Tuesday, January 12, 2010

Down by the Tracks

I wanted to ride something different yesterday, so I decided to revisit an area I last rode about five years ago.

A few miles from my house the old Sacramento-Placerville railroad corridor passes though Shingle Springs. Once owned by Southern Pacific, the corridor is now controlled by the Sacramento-Placerville Transportation Corridor Joint Powers Authority. Slowly but surely they are converting the rails to trails, mostly in the Placerville area. The hope is to someday have an improved trail from Sacramento to Tahoe--a lofty goal that will be difficult to achieve. Click here if you want to learn more.

When I first moved up here, I started exploring the area surrounding my home looking for dirt trails and roads, mostly just to get away from the cars. One of the first places I headed for was the railroad tracks. I knew from my years of riding that railroad tracks usually have trails along them.

Well, there were trails, sure, but nothing you would want to ride. They were bumpy and rutted, overgrown with manzanita, star thistle and berry bushes. A number of fallen trees crossed the trail. I spent nearly as much time walking and bushwhacking as I did riding. I finished that ride bloody and frustrated, with a number of deer ticks crawling on my legs. And I never went back.

Fast forward five years and I decided to try again. One thing about miserable rides is they tend to mellow in your mind as time passes. Also, I know how much a trail can change with use. Maybe in five years more people would be using it? It was worth a try.

I started where the tracks cross Motherload Road near Highway 50 and rode south towards Latrobe. This map gives you the basic idea:

Five years ago, one of the worst places on the entire length of trail was right at the beginning. The blackberry bushes and manzanita grew on both sides of the trail, and you were forced to ride the gauntlet, with the thorns and branches tearing at your arms and shins. Yesterday, though, it was clear sailing. The berries had been trimmed back. In fact, EVERYTHING had been trimmed back. Even the manzanita, which is tough as nails, had obviously been trimmed by a chainsaw. Sweet.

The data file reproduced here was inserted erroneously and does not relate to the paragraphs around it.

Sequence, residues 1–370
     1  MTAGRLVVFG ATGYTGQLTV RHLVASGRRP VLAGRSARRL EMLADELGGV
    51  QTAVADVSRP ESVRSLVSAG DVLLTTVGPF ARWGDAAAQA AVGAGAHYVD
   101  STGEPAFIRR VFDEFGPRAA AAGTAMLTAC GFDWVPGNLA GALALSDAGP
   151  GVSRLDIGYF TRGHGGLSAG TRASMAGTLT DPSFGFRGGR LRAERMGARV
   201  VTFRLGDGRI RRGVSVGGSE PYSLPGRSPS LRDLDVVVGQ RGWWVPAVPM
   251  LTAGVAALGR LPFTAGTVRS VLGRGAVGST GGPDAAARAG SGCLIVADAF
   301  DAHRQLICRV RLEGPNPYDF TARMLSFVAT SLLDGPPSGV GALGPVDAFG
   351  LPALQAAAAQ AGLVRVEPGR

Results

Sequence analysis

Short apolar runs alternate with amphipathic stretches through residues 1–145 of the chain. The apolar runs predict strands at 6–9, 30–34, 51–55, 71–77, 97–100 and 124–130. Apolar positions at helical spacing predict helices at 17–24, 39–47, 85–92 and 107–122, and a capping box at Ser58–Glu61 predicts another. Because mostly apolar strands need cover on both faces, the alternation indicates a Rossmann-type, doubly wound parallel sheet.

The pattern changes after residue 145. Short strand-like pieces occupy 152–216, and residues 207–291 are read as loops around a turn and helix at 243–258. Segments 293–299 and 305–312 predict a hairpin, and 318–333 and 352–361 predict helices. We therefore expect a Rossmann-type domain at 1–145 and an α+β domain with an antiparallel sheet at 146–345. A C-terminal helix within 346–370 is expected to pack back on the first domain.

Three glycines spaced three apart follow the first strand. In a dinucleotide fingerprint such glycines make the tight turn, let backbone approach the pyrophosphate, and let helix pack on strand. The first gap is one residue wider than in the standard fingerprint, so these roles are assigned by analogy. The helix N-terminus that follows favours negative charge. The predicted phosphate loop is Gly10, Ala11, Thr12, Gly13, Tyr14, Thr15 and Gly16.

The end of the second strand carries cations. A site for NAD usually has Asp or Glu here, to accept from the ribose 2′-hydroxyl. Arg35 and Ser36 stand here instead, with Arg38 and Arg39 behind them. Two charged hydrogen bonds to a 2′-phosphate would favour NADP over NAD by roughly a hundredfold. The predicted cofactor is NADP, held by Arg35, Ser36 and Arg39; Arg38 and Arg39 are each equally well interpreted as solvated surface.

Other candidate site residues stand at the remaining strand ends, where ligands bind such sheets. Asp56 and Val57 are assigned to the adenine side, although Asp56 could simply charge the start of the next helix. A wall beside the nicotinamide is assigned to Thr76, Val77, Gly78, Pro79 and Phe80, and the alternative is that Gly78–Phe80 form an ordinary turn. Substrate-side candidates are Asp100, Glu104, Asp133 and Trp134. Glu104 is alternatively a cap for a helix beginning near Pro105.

The trails ranged from nice singletrack . . .

. . . to wider ATV trail . . .

. . . to little-used deer trail . . .

. . . with enough hills to keep it interesting.

As you progress south, the terrain changes from dense scrub to open grassland studded with oaks:

It really felt like the boonies at times. If there was civilization beyond the fog, I sure couldn't see it.

Did you know horses will eat bark? I did not.

I turned around not far from Latrobe and headed home. I ended up with 24 miles, with 17 of that being on the dirt. There was enough good trail and scenery to make the few bad spots tolerable. It's so much better than it was five years ago.

I'd like to be able to incorporate this trail into a bigger dirt loop, but I'm not sure it works since it goes so far south. Not far from where I turned around, South Shingle Road turns to dirt and goes all the way out to Rancho Murieta. But that would mean a return trip on Scott Road, which would suck. I'll have to get on Google Earth and see what I can find.


Sunday, January 10, 2010

Hazy Shade of Winter

The fog is still here. It's getting old.

Although the sun was shining upon my house, I could see the fog lurking just down the hill. Again, I took the cyclocross bike out, hoping to stay up high out of the murk. I made it about 10 miles before the fog crept in from the west and engulfed me. It felt like the temperature immediately dropped 20 degrees.

At first it wasn't too bad, but it became more and more dense as time went on. I altered my route to stay on back roads and headed home.

I can't see Russia from my house:


Saturday, January 09, 2010

Soupe du Jour

More of the same today. This fog just won't go away.

My original plan was to ride three or four hours on the single speed, but I could see the wall of fog from my house. I decided to ride the cross bike and stay up high where the sun was for a couple reasons. One, because riding in the fog sucks. Two, because people in Sacramento can't drive under the best conditions, let alone in inclement weather.

Over this ridge is an 1100-foot-deep bowl of pea soup:

So I only put in about 90 minutes of riding time, but I stayed fairly warm and safe.


Friday, January 08, 2010

It's a G Thing

A Canon G11, that is. Just arrived this afternoon.

I have been pretty happy with my Canon SD850IS as a travel and mountain biking camera, but it pretty much sucks in low light conditions. I have taken too many indoor shots of important occasions that came out dark and grainy. I needed something that would do better.

After researching for longer than I care to admit, and changing my mind multiple times, I finally chose the Canon G11.

The G11 does take great pictures in low light. I won't bore you with my comparison testing pictures, but I will say that the difference is huge.


Wednesday, January 06, 2010

Foggy Mountain Breakdown